Valencia poses for a selfie at London’s Victoria and Albert Museum in London, where the colorful Styles cardigan that sparked a craze during the pandemic was on display.

Louis Dean Valencia


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Louis Dean Valencia


Valencia poses for a selfie at London’s Victoria and Albert Museum in London, where the colorful Styles cardigan that sparked a craze during the pandemic was on display.

Louis Dean Valencia

He hatched and developed the idea during the pandemic

Valencia wants to talk about her love for Styles’ music and the role it has played in his personal and professional life.

He was working on his doctoral dissertation. from 2010 to 2016, exactly the years when One Direction were active (not to mention the worldwide sensation). As a historian of fascism who often works with dark material, Valencia says she appreciates the band’s uplifting music and the pleasant atmosphere at its concerts. Then in 2017, Valencia took a one-year teaching job at Harvard, just as Styles’ solo career was taking off.

“As I got back on my feet, seeing him develop as an artist, as someone who wants to be taken seriously, maybe in a world that doesn’t necessarily always seem hospitable to you… I guess when he left as a solo artist, it resonated with me in many ways,” he recalls.

Valencia had been teaching in the state of Texas for several years when the pandemic hit. He first taught completely remotely, and then in a masked class, in a socially distancing class, which he said made it difficult to communicate with students. He found that talking more openly and passionately about his interests, which is that he appreciates Stiles, at the beginning or end of the class, helped overcome those boundaries.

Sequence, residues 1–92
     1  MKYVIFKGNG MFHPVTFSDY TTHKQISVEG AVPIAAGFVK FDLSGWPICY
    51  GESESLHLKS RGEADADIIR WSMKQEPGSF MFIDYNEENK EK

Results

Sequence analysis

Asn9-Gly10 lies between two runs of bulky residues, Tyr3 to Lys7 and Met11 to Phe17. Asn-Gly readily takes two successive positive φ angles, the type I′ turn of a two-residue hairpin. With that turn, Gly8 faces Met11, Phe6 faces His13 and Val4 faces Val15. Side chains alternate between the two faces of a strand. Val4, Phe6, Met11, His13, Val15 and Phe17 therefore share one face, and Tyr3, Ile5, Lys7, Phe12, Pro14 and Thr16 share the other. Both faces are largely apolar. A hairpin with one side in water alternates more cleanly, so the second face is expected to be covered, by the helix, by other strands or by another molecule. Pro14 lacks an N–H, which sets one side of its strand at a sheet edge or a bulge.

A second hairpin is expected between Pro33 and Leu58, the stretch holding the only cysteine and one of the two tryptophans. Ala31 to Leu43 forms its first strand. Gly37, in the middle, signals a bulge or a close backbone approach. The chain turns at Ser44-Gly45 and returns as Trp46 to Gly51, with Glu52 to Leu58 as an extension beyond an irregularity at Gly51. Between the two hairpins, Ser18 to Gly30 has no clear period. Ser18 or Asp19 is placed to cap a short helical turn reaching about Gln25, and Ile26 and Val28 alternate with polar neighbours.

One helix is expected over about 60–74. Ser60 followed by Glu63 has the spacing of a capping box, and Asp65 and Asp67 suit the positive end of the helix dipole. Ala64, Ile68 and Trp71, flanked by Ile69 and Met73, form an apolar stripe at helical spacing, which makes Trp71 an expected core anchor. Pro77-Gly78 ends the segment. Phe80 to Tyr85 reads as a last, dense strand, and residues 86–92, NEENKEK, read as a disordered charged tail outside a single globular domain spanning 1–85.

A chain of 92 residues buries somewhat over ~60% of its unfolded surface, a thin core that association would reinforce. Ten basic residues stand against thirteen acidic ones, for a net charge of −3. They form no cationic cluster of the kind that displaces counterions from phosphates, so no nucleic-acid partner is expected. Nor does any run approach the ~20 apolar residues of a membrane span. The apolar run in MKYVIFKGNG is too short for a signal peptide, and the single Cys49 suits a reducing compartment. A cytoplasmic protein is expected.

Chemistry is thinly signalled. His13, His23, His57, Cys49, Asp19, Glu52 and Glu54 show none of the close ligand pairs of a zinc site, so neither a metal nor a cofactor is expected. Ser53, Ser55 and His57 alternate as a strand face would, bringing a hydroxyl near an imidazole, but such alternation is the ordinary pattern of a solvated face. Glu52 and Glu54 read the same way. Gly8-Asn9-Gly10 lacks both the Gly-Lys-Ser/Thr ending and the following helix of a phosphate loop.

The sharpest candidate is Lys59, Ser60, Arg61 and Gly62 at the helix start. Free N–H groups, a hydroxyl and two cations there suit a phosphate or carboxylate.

“Whenever I did that, the students would discover their interests in music, sometimes they would overlap with mine, and a lot of times we had really good conversations about his music,” he said, pointing to Styles’ performances. and activism.

It is not unheard of for colleges to offer courses on contemporary music icons: some have created courses on Beyoncé, a University of South Carolina professor has taught a sociology course on Lady Gaga, and NYU’s Clive Davis Institute recently introduced a course on Taylor Swift ( who received an honorary doctorate in fine arts from the university this spring).

In the fall of 2021, Valencia approached the dean of an honors college with the idea of ​​running a course and wrote a 23-page proposal during the winter break. A long process, and seven months later the course is officially registered.

Now Valencia is hearing from a lot of people who are excited about the activities. People of all ages want to sign up, some want to follow the discussions online, others even want him to include their fan poetry in the program.

Valencia estimates he has received about a thousand emails and messages in the last week and says he was “overwhelmed” by the positive response. In fact, between posting media requests and savoring the messages, he wasn’t quite able to respond to them.

“I’m actually trying to think of how to answer all these questions in a way that shows as much love as people show in their posts,” he says. Or, as Stiles likes to say, treat people with kindness.

Students will study historical records and create a podcast